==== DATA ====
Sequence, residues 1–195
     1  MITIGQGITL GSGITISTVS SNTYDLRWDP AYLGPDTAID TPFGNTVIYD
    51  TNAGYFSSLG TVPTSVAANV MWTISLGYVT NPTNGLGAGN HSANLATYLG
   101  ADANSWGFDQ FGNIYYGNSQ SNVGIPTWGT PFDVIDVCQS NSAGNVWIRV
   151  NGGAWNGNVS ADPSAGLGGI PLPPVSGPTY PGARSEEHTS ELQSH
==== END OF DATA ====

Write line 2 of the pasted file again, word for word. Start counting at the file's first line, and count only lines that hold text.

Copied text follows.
     1  MITIGQGITL GSGITISTVS SNTYDLRWDP AYLGPDTAID TPFGNTVIYD